I just finished watching a 1986 documentary called "Radio Bikini". It's all about the nuclear tests in Bikini Lagoon right after WWII. What leaped out at me were the number of public appeals to God and the religious justifications by our military and political leaders of the time. They were continually making literally earth-shaking decisions about nuclear policy and then asking for a sign from god to show them if they were on the right track or not. To me, this is as appalling a thought as if chimps had been handed the bomb to play with. The arrogance displayed was incredible. Thousands of people kicked out of their lifelong homes, live animals penned up on derelict ships to be "test subjects", thousands of sailors who had no idea that they were being exposed to lethal levels of radiation sent in to monitor the after-effects of the explosions without any protective gear whatsoever except a chaplain's "blessing".
All kinds of issues are in play here - separation of church and state as it applies to the military, the juxtaposition of religion and science, the idea inherent in religion that man has dominion over nature and can do what he wants with it, as well as the despicable policy of Manifest Destiny, in which Americans felt entitled to rule the world and displace entire populations in order to suit their needs.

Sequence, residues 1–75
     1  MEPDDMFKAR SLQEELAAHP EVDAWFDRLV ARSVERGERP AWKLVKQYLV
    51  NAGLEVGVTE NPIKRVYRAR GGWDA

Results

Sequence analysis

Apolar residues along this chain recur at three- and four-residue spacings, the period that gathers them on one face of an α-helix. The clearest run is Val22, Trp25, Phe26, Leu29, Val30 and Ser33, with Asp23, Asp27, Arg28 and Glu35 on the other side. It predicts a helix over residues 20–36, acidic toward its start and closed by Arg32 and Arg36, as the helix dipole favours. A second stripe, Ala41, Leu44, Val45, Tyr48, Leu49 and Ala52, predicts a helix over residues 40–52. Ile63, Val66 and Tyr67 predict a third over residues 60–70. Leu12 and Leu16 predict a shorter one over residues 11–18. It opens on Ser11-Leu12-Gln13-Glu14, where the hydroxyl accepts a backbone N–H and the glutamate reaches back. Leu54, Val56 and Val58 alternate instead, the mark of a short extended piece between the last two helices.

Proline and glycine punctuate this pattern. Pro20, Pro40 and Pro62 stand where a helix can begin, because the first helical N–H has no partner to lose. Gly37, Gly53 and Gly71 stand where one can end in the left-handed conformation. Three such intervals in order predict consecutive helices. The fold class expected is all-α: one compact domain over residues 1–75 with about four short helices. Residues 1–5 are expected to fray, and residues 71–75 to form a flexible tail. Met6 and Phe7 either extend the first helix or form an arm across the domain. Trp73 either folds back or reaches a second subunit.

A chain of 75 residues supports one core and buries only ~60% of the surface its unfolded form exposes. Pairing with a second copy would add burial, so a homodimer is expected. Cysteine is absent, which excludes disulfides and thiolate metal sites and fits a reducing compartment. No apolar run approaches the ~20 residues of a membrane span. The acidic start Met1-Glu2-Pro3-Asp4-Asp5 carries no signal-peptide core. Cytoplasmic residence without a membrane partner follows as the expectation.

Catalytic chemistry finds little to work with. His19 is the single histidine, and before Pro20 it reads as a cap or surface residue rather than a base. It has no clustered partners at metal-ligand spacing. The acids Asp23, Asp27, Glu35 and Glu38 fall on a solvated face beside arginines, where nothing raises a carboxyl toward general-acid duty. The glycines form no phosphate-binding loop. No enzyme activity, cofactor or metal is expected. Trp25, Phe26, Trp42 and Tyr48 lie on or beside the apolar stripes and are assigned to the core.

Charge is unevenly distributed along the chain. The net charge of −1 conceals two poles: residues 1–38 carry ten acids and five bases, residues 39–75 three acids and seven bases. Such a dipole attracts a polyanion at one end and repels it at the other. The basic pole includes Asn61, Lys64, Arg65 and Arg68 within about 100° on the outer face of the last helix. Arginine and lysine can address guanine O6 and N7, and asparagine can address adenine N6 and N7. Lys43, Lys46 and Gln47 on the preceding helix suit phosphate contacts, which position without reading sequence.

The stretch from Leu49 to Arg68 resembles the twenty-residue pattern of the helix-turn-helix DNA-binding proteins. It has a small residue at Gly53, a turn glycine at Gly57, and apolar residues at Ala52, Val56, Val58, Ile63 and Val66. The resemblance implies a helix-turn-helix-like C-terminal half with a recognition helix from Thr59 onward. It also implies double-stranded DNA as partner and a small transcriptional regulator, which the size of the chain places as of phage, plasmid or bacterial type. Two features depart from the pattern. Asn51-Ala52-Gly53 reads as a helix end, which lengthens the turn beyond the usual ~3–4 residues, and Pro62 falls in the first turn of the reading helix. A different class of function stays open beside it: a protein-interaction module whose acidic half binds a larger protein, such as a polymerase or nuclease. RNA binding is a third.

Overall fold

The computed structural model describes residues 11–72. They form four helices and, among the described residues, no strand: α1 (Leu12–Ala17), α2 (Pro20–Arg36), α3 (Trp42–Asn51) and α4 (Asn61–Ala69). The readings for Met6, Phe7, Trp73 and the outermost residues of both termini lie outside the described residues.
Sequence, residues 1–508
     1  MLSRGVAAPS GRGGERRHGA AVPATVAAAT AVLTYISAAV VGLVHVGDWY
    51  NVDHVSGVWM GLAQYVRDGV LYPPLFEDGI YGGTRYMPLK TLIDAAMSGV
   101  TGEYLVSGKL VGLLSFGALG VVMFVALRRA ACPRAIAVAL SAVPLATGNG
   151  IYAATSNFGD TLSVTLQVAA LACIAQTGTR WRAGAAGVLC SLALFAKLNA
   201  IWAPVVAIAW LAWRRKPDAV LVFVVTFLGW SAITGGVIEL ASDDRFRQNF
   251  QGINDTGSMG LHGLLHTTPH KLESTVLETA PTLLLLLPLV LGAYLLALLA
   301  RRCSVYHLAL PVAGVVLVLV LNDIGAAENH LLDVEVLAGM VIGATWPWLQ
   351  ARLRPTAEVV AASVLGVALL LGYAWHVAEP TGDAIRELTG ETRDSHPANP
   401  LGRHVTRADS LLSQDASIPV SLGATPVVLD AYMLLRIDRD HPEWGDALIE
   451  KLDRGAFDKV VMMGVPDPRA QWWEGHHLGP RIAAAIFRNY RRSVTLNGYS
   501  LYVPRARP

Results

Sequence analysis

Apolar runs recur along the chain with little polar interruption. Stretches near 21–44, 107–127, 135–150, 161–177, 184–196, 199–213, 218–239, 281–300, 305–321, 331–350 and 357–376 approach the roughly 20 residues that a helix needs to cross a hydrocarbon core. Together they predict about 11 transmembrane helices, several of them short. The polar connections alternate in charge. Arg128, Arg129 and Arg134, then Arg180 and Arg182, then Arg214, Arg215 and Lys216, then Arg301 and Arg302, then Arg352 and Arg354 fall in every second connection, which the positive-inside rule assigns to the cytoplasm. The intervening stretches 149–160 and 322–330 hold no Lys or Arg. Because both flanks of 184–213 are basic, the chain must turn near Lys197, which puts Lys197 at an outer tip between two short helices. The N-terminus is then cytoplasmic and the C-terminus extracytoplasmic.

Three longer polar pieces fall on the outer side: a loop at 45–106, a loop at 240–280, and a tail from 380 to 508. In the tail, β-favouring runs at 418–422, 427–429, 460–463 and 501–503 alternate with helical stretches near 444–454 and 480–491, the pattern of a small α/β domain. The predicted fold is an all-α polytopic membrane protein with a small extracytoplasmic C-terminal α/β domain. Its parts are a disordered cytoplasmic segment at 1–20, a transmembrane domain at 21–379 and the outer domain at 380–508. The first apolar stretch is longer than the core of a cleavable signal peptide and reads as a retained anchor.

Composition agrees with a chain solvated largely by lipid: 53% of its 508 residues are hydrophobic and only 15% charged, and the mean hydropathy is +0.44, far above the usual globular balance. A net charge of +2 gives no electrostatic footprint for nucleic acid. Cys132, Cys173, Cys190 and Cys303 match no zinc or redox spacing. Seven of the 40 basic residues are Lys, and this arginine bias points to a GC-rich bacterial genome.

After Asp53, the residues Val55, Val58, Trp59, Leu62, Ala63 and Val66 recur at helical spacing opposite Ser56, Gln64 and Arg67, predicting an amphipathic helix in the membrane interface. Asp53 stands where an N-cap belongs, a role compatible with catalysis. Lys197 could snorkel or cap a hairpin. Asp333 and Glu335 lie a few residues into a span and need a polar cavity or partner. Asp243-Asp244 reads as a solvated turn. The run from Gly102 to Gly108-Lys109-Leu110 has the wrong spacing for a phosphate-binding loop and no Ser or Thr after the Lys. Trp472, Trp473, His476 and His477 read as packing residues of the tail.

Watch this documentary and see what you think. Albert Einstein makes an appearance during one of the few sensible, reason-based public discussions about responsible use of nuclear energy. Let me know what you think!
I watched it on Netflix; it's also on YouTube: http://youtu.be/bbeiDmQJoaA
An interview with Christopher Hitchens in 2007 at http://archive.frontpagemag.com/readArticle.aspx?ARTID=26792 attributes the quote "A nuclear war would involve nothing more than the transition of many millions of people into the love of God, only a few years before they were going to find it anyway" to "the Archbishop of Canterbury, in about 1965".
That date suggests Michael Ramsey. However, a 1958 article in Time Magazine [still accessible at www.time.com/time/magazine/article/0,9171,810437,00.html], reports that Ramsey's predecessor, Geoffrey Fisher, got himself into hot water for admitting that God might be pro-nuclear.